Divorce is an extremely emotional experience for most people going through the process. While it can take a physical as well as a psychological toll, it’s crucial to keep it from inflicting financial wounds.
While it’s essential to fight for your fair share of marital assets, you also want to avoid being saddled with unnecessary financial burdens. It’s vital for couples who have amassed significant credit card debt to understand how those liabilities are likely to be split in Texas.
Who is responsible for credit card debt?
Couples often share credit card accounts after getting married to consolidate debt, manage bills and roll up rewards points. But, marital credit card debt is typically accrued in two ways:
- Individual accounts: One spouse is the only authorized user and liable for the balance to the bank or other issuer.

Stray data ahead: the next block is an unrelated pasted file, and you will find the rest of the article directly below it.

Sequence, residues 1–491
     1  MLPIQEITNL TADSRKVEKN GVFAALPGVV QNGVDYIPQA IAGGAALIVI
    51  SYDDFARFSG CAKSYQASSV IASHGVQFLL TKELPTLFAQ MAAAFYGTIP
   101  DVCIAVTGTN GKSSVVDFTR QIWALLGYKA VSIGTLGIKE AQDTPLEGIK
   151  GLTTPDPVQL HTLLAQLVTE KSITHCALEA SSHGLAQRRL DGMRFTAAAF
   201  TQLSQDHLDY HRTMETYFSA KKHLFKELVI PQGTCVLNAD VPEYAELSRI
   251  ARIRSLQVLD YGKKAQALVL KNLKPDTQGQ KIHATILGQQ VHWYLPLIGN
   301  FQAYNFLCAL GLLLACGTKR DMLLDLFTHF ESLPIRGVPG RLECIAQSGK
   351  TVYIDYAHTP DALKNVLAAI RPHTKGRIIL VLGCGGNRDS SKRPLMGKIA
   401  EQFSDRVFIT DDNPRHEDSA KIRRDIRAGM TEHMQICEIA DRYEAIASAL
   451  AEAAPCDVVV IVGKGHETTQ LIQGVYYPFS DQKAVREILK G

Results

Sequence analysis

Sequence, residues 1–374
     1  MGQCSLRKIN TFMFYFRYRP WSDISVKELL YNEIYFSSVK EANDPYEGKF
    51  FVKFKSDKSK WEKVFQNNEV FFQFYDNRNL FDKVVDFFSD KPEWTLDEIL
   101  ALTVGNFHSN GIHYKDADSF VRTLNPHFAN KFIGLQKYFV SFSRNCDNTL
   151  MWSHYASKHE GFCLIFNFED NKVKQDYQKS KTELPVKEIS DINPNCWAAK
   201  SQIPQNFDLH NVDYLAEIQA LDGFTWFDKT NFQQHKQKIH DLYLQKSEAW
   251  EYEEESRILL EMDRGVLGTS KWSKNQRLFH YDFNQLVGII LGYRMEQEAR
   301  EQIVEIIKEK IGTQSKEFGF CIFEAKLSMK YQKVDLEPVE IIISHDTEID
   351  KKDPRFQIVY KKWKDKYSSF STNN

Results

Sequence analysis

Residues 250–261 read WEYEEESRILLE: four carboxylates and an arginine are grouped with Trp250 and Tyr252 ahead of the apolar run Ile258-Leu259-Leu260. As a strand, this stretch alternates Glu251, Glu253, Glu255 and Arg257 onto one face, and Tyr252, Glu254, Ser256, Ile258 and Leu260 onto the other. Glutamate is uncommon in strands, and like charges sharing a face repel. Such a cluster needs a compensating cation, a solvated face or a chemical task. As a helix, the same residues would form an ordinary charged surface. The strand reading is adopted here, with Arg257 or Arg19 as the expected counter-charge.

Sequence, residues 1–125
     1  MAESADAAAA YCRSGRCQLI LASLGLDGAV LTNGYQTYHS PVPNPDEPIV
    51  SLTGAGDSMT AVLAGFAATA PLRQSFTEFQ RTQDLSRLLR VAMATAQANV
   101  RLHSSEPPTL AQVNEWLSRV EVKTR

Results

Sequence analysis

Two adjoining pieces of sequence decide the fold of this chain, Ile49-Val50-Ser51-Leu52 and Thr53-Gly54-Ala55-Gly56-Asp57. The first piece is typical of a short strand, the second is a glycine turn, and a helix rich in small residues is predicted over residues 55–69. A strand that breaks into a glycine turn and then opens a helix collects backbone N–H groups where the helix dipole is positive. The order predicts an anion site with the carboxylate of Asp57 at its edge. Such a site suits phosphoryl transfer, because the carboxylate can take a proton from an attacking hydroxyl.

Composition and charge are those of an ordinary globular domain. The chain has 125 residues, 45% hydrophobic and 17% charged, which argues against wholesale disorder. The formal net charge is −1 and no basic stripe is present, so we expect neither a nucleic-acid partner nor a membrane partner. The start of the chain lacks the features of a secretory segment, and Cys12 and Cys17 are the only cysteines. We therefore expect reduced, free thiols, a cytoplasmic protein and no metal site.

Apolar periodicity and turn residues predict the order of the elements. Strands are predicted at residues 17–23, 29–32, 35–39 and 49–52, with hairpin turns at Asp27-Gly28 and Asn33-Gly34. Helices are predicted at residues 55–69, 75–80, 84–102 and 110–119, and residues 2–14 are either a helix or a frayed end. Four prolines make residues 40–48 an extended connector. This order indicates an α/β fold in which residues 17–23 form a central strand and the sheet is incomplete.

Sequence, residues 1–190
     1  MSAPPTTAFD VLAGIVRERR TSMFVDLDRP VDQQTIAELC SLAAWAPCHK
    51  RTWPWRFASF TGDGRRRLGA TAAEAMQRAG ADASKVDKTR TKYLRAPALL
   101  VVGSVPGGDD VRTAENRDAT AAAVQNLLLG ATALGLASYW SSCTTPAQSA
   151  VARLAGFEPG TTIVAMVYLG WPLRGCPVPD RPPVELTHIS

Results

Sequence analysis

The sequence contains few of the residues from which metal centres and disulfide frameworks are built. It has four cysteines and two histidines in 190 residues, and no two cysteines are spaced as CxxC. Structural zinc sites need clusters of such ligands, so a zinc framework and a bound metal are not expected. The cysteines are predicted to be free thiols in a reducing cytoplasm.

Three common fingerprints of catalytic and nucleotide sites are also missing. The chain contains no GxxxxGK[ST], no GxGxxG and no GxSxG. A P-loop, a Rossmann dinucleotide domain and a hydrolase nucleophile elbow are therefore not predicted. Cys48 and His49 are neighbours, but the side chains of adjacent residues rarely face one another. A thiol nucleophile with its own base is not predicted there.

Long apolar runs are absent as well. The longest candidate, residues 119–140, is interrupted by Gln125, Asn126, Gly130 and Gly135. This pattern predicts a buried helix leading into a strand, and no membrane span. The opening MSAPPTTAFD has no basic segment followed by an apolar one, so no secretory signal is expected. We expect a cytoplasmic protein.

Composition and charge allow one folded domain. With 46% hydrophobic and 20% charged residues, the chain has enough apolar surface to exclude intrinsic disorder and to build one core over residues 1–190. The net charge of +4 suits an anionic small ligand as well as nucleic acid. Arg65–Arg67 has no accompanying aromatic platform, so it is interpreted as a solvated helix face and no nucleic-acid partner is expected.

- Joint accounts: Both spouses are authorized to use the account, and both are held responsible by the issuer for paying off the balance.
How is credit card debt divided?
Under Texas community property laws, spouses are entitled to receive half of all marital assets, and they are typically responsible for half of all debt resulting from the marriage. That holds true, regardless of whether the debt exists on individual or joint accounts.
There are some exceptions. A spouse running up gambling debts, spending money during the course of an affair, or buying things excessively after the divorce began can be held solely responsible by a judge for those expenditures.
Protect yourself and your finances
Even if a judge orders your spouse to pay a larger portion of marital credit card debt, credit card companies can still hold you responsible if your name is on the account. If your spouse refuses to pay or lets payments lapse, it can potentially affect your credit.
An experienced family law attorney can help you take steps to protect yourself. Paying off balances and closing joint accounts as soon as possible can help avoid issues. Your lawyer can also take legal action against a spouse who refuses to abide by the terms of a divorce decree.